The track, The night by Frankie Valli and The Four Seasons, became popular for another reason.  It was considered a ‘Stomper’.  These were slightly faster tracks that became very popular in the Northern Soul clubs.  I find it a little too fast to Ceroc to myself, so I hope Tony will excuse me for taking a well-deserved break while it was played, but it didn’t stop everyone else and the floor rocked once again.

Tony finds his own rare Northern Soul track

During Lockdown, with plenty of time on his hands, Tony found himself trawling through the dance music archives and came across a track that I had never heard before and one that had Northern Soul stamped all the way through it.  The track is the original version of The only way is up, the song made popular by Yazz and The Plastic Population in 1988.  Like many people, I thought that Yazz’s version was the original but it isn’t.

The original version was recorded by Otis Clay and when released in 1980 it made little impact except in the Northern Soul clubs.  Yass frequently visited one of these clubs, heard it, and decided to make a modern remake of it.  This original version is so danceable that Tony included it in his Thunderball Room set at the first post-Lockdown Southport back in September last year, and it went down a storm.  Little wonder he gave it another well-received spin.

The magic that was Holland-Dozier-Holland

I’ll finish my review by featuring two more wonderful Motown songs.  The first is I hear a symphony by The Supremes.  This is a slightly slower track than the ones we associate with Motown but it gave everyone a bit of a breather after the faster Motown dance standards.  I always appreciate when DJs slow the tempo down and I enjoyed a wonderful slower dance to it.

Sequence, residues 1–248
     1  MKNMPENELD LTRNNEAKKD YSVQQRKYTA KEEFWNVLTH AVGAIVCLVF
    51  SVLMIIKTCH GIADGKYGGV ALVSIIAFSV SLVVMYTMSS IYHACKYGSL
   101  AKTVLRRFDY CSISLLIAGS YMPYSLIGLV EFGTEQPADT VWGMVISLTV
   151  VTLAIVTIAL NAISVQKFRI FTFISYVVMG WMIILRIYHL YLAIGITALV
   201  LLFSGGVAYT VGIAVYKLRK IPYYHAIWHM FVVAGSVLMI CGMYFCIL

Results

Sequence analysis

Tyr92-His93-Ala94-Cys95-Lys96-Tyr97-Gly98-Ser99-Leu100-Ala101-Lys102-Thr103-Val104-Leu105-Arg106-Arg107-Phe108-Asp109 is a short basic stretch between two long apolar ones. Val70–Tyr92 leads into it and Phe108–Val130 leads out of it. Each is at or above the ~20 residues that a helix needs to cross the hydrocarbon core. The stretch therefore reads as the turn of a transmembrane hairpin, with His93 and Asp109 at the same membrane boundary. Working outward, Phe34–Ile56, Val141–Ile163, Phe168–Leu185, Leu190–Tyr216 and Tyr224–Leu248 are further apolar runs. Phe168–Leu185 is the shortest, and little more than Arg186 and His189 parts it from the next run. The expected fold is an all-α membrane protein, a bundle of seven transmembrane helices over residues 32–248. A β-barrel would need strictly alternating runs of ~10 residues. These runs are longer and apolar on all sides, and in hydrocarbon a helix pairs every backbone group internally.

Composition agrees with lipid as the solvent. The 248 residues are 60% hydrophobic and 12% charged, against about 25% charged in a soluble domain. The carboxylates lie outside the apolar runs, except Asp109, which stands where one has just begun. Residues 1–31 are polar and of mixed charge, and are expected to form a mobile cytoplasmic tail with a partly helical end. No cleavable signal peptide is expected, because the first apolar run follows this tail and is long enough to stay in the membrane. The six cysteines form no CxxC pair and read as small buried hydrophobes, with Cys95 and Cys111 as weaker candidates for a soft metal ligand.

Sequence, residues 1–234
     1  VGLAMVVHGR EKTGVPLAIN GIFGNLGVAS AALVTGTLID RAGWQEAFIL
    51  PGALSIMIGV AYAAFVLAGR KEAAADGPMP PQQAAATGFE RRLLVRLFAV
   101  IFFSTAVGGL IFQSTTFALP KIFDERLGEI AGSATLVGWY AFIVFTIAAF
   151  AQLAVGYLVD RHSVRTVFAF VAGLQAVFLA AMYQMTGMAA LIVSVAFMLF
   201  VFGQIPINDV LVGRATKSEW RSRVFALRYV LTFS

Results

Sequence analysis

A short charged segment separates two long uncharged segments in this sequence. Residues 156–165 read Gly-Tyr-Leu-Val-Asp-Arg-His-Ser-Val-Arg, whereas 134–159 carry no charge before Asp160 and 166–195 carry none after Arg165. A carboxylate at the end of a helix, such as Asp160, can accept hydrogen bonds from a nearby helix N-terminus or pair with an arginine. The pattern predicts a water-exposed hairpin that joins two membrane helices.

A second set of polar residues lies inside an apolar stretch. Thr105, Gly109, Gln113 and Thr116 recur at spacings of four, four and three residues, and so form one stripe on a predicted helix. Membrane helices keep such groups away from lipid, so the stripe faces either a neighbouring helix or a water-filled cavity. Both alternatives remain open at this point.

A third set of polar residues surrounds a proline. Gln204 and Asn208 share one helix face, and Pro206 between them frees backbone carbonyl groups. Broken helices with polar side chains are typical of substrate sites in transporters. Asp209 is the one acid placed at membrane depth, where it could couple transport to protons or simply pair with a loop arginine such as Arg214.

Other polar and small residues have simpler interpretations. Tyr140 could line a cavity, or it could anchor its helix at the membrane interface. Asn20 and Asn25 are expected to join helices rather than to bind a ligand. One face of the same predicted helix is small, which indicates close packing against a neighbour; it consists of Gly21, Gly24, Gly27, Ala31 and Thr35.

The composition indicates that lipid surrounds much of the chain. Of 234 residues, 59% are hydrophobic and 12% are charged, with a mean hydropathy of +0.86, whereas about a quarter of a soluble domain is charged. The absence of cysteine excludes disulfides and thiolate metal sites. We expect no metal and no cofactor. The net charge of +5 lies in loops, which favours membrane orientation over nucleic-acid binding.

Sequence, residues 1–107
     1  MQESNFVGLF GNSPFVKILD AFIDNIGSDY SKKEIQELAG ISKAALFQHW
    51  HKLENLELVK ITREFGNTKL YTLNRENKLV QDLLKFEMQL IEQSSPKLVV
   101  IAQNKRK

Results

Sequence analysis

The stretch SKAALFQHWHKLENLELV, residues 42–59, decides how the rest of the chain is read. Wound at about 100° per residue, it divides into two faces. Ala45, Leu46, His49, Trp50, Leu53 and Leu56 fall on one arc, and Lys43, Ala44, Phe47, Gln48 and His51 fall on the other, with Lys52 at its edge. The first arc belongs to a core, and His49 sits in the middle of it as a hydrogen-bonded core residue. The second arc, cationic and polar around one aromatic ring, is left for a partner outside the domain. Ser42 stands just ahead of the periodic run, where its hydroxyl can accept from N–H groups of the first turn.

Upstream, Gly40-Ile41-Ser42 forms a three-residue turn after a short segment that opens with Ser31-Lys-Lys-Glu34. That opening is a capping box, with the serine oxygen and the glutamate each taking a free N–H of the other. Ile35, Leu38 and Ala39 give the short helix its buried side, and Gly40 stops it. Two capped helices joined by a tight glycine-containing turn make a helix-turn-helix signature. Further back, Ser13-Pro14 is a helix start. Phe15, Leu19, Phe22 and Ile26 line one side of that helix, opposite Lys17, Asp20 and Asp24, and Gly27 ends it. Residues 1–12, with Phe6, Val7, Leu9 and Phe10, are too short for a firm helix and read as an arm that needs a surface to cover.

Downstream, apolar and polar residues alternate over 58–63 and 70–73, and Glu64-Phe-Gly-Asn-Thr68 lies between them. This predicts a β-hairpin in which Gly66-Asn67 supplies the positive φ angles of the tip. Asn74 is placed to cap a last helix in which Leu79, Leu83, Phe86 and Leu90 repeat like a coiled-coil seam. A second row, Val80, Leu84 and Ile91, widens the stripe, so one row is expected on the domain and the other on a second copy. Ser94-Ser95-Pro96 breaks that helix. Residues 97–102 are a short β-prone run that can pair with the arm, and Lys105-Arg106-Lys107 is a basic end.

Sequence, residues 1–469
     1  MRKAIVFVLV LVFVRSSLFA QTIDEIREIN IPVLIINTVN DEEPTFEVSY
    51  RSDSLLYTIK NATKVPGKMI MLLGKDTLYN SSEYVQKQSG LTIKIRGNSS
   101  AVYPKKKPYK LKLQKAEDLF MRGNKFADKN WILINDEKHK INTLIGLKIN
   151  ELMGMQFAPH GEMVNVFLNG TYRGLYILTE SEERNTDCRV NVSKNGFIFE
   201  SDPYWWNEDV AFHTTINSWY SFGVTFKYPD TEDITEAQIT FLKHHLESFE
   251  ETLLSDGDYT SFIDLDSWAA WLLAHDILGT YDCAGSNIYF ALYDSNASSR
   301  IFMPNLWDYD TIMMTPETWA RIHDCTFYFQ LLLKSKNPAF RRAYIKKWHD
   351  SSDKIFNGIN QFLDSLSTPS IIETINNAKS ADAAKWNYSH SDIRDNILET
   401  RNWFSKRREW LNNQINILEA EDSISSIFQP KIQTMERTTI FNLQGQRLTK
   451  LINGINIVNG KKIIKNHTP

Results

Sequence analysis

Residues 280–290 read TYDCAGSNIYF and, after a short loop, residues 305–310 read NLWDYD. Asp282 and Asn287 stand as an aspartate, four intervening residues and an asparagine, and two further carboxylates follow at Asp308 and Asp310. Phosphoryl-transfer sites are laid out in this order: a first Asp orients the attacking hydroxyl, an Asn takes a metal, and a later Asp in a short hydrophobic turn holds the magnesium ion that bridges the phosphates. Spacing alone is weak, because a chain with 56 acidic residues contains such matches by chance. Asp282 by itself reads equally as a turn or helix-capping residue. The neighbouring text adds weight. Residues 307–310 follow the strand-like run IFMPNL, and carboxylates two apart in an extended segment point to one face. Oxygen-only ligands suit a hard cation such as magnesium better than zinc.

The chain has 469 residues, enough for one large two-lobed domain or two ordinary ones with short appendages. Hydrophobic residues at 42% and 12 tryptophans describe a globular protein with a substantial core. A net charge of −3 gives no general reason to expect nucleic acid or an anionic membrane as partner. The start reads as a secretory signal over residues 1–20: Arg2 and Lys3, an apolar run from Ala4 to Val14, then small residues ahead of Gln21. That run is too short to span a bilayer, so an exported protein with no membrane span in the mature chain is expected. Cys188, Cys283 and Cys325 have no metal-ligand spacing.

I’ve picked this track out because it helps explain the success of Motown – the songwriters.  Berry Gordy was blessed to have worked for him some of the best songwriting talents ever to write a dance track.  The most successful of these was the trio of Eddie Holland, Lamont Dozier, and Brian Holland, lovingly known as Holland-Dozier-Holland.  They wrote and produced twenty-five number one hits for Motown, including This old heart of mine, and are also the writers behind Freda Payna’s Band of Gold, which was a No 1 hit on their own Invicta record label.

As you listen to this track try to pick out the different instrumentation that makes this track so danceable.  There’s the instant drum beat, another of James Jameson’s great bass lines, and a brief sax solo from Mike Terry.  It’s another example of how a band of uncredited musicians created one of the greatest dance sounds of our time.

Tony plays Steve’s favourite Motown track

I’m a self-confessed Motown Junkie and every so often I get to spend time sharing my love of this music with another Motown devotee.  Back in the autumn, I attended a Ceroc Devon Weekender in Torquay.  There I met and got to talk with Steve Watling a DJ from Cornwall about his own love of Motown.  We shared each other’s favourite Motown tracks and in the course of our conversation, Steve mentioned his love for The Temptations Ain’t too proud to beg.  It’s another track recorded in the iconic year that is 1966.

It was co-written and produced by another great Motown name, Norman Whitfield.  It was he who produced Marvin Gaye’s I heard it through the grapevine and The Temptations Papa was a rollin’ stone.  Later he would leave Motown and create a series of hits for Rose Royce including one of my favourite funked-up tracks Car washAin’t too proud to beg is a wonderful piece of Motown dance music and it’s great that Tony used it as his last Motown track in what was a Saturday afternoon of sheer dancing joy.